At the presentation of the 2013 Tour de France route last month, race director Christian Prudhomme hinted that he would be open to a reduction in team size from nine to eight riders for Grand Tours, a proposal currently being considered by the UCI management committee.
"We wouldn't complain about having one rider less on each team, mainly as a matter of security but also so that the race might be a little less deadlocked," said Prudhomme.
Several team managers have since weighed in on that proposal, and while fewer riders in the peloton could potentially increase safety, having as many riders as possible at their disposal for their Grand Tour rosters was a luxury they were reluctant to rescind.
"What is certain is that with one rider less, the race will be much harder to control, especially for teams that focus on general classification," Katusha directeur sportif Valerio Piva told DH.be. "The race would be more dramatic and could be more interesting. I don't think it would hurt the spectacle, even if the race would also take longer to start because everyone wouldn't want to miss a breakaway.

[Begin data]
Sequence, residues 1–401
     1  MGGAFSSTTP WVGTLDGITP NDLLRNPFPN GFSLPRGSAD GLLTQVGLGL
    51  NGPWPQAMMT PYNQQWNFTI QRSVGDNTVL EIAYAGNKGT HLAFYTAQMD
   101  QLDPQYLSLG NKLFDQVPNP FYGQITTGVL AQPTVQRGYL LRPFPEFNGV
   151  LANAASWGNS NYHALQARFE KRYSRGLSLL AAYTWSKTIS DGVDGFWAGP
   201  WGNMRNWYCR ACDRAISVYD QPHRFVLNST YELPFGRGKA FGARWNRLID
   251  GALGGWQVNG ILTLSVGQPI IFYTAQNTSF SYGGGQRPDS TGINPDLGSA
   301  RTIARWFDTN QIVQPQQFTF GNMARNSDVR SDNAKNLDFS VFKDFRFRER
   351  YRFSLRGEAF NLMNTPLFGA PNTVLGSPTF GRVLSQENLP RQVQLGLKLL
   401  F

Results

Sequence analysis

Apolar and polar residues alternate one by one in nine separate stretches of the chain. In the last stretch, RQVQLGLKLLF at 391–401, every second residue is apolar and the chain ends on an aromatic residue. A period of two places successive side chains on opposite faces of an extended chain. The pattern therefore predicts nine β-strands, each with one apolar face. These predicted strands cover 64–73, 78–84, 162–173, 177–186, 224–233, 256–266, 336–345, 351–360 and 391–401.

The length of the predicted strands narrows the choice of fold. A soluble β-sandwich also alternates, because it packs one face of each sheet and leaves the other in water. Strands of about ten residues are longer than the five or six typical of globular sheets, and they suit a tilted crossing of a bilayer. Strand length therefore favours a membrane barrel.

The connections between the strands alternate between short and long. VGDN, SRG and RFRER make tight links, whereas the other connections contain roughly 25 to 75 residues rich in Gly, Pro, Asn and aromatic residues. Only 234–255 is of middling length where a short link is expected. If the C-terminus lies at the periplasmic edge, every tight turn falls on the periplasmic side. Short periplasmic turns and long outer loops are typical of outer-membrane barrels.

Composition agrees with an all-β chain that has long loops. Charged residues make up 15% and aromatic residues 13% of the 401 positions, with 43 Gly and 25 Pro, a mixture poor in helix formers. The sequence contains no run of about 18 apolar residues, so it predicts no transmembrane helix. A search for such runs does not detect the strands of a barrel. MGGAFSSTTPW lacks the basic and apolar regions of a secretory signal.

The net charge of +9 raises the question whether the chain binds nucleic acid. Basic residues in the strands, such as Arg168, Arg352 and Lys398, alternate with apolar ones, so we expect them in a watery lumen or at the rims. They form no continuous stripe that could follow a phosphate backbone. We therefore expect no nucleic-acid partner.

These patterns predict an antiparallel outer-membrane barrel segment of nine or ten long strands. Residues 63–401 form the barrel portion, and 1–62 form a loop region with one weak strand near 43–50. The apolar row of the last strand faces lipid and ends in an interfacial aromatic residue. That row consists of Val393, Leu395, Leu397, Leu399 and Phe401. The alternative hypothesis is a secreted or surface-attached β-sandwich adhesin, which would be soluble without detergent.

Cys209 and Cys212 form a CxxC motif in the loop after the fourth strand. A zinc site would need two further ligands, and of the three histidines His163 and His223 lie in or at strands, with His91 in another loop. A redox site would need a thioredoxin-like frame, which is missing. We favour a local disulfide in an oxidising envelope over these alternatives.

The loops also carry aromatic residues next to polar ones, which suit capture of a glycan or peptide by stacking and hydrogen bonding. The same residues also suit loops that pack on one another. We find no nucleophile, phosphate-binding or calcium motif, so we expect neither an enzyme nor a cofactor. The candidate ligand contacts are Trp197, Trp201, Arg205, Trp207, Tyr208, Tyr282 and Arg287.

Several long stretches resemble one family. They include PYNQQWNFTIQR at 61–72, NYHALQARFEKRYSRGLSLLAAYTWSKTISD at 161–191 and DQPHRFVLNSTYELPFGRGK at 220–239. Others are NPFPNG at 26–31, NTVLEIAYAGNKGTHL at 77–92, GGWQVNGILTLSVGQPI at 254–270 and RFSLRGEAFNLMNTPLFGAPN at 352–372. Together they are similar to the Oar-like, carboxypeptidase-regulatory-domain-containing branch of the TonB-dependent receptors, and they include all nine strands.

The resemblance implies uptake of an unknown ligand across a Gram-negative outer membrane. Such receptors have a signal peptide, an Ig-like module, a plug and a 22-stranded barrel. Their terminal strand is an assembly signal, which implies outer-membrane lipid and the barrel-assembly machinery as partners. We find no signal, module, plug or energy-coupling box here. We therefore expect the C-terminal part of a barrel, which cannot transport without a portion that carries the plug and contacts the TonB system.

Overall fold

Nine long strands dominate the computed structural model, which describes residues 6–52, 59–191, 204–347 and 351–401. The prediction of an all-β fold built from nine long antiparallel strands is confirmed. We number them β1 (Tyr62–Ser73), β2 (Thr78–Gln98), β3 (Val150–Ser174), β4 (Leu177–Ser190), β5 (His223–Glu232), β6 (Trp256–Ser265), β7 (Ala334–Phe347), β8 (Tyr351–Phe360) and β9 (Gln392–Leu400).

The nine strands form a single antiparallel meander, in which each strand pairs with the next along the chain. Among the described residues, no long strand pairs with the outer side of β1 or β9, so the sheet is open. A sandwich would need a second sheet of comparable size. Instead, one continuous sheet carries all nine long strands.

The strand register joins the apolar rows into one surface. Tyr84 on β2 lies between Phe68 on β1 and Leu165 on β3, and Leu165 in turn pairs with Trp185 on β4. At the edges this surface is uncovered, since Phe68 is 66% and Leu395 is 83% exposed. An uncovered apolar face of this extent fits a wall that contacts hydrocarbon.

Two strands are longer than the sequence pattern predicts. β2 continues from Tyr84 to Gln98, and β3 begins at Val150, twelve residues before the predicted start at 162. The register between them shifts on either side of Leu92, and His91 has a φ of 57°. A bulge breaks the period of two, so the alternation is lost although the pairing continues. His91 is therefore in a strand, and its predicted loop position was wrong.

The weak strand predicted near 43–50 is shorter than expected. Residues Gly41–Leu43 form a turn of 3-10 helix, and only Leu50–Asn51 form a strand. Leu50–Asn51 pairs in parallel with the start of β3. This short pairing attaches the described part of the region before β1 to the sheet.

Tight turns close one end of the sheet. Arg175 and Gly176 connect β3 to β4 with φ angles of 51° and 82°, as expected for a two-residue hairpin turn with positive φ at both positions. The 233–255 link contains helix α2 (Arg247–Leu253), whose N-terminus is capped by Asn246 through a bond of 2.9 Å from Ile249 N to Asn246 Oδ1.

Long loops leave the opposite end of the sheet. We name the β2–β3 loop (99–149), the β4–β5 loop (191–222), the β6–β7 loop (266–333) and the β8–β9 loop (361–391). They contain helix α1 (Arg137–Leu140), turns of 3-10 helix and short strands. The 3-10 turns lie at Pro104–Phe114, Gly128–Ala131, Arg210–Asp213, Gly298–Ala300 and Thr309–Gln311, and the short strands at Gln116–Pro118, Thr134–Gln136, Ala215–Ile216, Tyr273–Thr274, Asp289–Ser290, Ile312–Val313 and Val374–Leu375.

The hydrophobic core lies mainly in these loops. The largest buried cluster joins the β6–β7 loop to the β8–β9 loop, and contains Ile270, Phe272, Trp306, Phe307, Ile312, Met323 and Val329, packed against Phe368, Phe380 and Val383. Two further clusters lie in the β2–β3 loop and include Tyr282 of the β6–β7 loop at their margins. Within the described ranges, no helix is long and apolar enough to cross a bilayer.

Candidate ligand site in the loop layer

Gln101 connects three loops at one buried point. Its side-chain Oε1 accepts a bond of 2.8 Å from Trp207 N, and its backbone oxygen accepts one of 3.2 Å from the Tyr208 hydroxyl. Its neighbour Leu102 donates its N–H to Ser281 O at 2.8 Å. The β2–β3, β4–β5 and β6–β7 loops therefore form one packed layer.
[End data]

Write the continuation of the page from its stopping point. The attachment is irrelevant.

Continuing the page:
"But as directeur sportif of Joaquim Rodriguez, who's looking to win a Grand Tour, I hope it will not happen because he needs a full team behind him!"
Herman Frison, assistant directeur sportif of Lotto-Belisol, voiced his concern regarding teams with both GC and sprint stage ambitions.
"For us, it really would not be a good deal," Frison told DH.be. "Our team in particular bets on several tables at the Tour de France with Jurgen Van Den Broeck for the overall and Andre Greipel for sprints.
"Knowing that we need two to three rider to form a train for sprints and a leader like Van Den Broeck also needs several riders at his side, with a man less in the Tour it would be very hard to manage. If we lose a rider early from a crash, or if one of our guys is sick, it would be very complicated with six or seven."